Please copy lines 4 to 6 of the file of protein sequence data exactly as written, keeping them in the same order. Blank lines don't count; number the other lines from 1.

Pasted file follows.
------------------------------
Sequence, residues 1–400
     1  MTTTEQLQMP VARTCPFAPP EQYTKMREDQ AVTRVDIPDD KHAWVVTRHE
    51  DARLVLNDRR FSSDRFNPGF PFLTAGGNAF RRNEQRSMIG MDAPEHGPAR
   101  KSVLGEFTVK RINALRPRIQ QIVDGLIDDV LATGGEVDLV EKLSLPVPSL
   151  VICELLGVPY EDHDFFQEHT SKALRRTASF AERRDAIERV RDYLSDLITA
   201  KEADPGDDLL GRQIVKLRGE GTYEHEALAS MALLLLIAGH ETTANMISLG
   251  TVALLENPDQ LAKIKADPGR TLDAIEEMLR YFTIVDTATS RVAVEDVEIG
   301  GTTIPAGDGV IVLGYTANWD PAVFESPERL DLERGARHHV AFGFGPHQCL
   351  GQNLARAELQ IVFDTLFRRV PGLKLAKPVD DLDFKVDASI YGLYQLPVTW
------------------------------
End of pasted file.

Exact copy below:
   101  KSVLGEFTVK RINALRPRIQ QIVDGLIDDV LATGGEVDLV EKLSLPVPSL
   151  VICELLGVPY EDHDFFQEHT SKALRRTASF AERRDAIERV RDYLSDLITA
   201  KEADPGDDLL GRQIVKLRGE GTYEHEALAS MALLLLIAGH ETTANMISLG